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I am trying to understand disadvantages of using Linux kernel modules. I understand the benefits of using it: the ability to dynamically insert code into running system without having to recompile and reboot base system. Given this strong advantage, I was guessing most of kernel code should then go as kernel modules instead as part of base kernel, but that does not seem to be the case. Good amount of core sus-systems (like memory management, or file-system used by root drive) still go as base kernel.

One reason I can think of is that kernel modules are loaded very late in boot process and hence core functionality has to go in base kernel. Another reason I read was about fragmentation.

I didn't really understand why kernel modules cause memory fragmentation, can someone please explain? Are there any other downsides of using kernel modules ?

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closed as off topic by DocMax, EdChum, Daniel Hilgarth, cweiske, alxx Feb 20 '13 at 8:22

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This is a good question for unix.stackexchange.com – Paolo Feb 20 '13 at 6:09
    
Thanks @Guandalino, moved it. – spa Feb 20 '13 at 14:52
up vote 2 down vote accepted

I am trying to understand disadvantages of using Linux kernel modules. I understand the benefits of using it: the ability to dynamically insert code into running system without having to recompile and reboot base system.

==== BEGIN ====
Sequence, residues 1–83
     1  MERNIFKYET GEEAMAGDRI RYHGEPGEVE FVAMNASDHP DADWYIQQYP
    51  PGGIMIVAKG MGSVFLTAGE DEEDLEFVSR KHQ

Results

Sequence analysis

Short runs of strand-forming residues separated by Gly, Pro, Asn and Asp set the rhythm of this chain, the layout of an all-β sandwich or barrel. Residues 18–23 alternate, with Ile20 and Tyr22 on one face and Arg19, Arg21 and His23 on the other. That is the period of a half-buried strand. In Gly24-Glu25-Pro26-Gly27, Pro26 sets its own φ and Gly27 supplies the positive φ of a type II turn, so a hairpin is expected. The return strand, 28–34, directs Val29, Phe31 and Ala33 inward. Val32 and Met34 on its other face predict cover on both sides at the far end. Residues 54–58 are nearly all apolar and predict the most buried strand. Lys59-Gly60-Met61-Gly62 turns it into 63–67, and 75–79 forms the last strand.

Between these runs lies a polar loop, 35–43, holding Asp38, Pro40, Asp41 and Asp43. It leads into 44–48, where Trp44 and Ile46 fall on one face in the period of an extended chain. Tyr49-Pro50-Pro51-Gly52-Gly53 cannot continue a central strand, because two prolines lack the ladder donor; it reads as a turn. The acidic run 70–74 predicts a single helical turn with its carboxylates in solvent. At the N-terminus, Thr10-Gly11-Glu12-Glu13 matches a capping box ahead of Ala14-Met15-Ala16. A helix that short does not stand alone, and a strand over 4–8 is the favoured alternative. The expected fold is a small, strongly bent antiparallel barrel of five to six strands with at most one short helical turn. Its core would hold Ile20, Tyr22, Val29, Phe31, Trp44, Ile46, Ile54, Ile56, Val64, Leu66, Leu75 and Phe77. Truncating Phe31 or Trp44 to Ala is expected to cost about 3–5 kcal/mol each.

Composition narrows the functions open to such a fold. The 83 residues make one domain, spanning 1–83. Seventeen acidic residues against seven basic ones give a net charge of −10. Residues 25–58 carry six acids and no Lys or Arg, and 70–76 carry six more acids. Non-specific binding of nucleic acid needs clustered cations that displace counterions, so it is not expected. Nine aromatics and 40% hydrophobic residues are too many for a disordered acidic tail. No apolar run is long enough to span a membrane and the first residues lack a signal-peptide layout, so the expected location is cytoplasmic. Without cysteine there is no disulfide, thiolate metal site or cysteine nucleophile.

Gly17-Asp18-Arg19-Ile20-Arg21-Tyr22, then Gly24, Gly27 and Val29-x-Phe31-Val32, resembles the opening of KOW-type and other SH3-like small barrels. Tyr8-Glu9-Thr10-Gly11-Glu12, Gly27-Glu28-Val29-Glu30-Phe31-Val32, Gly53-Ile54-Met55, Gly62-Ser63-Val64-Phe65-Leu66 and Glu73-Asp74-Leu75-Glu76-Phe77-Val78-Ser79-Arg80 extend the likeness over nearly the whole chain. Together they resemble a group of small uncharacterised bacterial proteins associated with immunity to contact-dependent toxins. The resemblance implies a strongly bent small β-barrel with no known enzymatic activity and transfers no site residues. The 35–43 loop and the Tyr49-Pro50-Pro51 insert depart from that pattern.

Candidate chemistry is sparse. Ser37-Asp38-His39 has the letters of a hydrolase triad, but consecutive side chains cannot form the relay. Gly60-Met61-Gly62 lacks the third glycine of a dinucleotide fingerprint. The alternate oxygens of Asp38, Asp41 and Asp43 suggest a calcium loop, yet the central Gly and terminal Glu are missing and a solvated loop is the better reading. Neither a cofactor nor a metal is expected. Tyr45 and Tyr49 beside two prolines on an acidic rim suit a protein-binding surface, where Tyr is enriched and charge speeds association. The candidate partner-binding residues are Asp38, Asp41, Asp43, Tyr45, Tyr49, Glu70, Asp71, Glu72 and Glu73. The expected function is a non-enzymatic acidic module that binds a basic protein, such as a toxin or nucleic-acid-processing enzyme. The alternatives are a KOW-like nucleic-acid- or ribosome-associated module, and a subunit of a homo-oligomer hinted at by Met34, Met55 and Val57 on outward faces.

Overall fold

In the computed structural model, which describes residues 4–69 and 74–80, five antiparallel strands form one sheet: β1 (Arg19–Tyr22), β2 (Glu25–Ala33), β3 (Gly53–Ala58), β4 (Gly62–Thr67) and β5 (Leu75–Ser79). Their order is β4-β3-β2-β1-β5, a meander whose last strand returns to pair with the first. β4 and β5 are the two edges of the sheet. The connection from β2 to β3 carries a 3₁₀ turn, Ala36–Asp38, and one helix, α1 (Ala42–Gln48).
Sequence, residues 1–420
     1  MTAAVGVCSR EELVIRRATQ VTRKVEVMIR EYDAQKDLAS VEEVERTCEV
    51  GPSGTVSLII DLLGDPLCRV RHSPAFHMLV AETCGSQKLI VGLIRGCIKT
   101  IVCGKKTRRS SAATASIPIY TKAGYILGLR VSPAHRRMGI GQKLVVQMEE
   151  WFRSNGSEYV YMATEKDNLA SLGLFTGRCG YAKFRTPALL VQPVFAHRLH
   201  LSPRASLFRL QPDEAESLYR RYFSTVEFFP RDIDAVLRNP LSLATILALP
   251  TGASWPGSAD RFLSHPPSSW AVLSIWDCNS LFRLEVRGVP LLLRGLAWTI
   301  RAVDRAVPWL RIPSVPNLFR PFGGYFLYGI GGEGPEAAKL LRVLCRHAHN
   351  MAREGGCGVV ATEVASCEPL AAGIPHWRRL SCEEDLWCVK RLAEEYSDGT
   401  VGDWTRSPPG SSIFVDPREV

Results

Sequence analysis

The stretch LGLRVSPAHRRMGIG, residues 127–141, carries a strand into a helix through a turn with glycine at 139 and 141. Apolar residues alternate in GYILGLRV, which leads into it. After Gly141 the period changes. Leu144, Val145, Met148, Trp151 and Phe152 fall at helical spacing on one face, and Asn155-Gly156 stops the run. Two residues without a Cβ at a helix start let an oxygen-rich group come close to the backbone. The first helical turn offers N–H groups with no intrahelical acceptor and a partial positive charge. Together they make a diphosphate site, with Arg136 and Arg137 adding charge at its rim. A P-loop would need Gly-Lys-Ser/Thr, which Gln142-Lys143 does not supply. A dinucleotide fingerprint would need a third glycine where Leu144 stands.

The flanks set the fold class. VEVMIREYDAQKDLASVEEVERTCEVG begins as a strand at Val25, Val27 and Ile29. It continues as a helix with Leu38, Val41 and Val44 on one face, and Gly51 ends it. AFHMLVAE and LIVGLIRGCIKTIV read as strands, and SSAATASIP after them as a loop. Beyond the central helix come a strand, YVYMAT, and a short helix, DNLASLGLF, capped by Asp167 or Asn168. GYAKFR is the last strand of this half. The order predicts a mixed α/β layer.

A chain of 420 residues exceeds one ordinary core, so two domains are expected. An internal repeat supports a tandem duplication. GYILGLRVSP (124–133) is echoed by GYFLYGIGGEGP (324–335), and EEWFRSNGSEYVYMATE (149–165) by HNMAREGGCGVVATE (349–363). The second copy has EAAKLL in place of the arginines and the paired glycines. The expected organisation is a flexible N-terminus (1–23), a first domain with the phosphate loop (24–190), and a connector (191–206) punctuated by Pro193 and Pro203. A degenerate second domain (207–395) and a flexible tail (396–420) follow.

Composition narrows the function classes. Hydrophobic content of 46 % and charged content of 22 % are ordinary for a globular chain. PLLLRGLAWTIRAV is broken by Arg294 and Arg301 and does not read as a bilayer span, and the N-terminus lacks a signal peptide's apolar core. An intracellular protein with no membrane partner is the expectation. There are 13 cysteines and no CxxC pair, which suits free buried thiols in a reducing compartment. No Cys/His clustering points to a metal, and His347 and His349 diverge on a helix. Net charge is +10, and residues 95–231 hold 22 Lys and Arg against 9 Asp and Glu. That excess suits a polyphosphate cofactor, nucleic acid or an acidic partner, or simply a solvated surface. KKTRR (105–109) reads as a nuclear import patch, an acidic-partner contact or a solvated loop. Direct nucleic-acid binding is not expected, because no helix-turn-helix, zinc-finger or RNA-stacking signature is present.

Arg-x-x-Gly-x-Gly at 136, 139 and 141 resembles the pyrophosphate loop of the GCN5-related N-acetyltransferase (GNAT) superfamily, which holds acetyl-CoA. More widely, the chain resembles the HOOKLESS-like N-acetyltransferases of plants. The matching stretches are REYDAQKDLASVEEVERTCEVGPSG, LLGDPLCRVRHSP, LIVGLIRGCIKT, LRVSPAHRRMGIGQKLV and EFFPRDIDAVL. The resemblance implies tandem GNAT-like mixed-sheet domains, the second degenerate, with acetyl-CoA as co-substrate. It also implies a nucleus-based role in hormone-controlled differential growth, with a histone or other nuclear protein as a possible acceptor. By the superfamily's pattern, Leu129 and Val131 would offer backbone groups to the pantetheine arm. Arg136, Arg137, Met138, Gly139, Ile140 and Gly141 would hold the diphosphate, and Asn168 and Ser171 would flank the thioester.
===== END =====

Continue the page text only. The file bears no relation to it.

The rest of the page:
While this is occasionally useful, it is not a primary reason why modules exist. Their main purpose is to allow kernel code which is not always needed to be loaded on demand, rather than always being resident in memory.

Good amount of core sus-systems (like memory management, or file-system used by root drive) still go as base kernel.

This is because not all kernel components can be configured as modules; only ones for which it makes sense to load code on demand. Memory management, for instance, is not modular, since it can never be not present. (And because it's needed to load modules!)

(Your second example is actually wrong. The filesystem used for the root filesystem can be configured as a module if it is available in an initrd.)

I didn't really understand why kernel modules cause memory fragmentation, can someone please explain?

They don't, at least not to any significant degree. Kernel modules tend to be small, so any fragmentation they cause is minimal.

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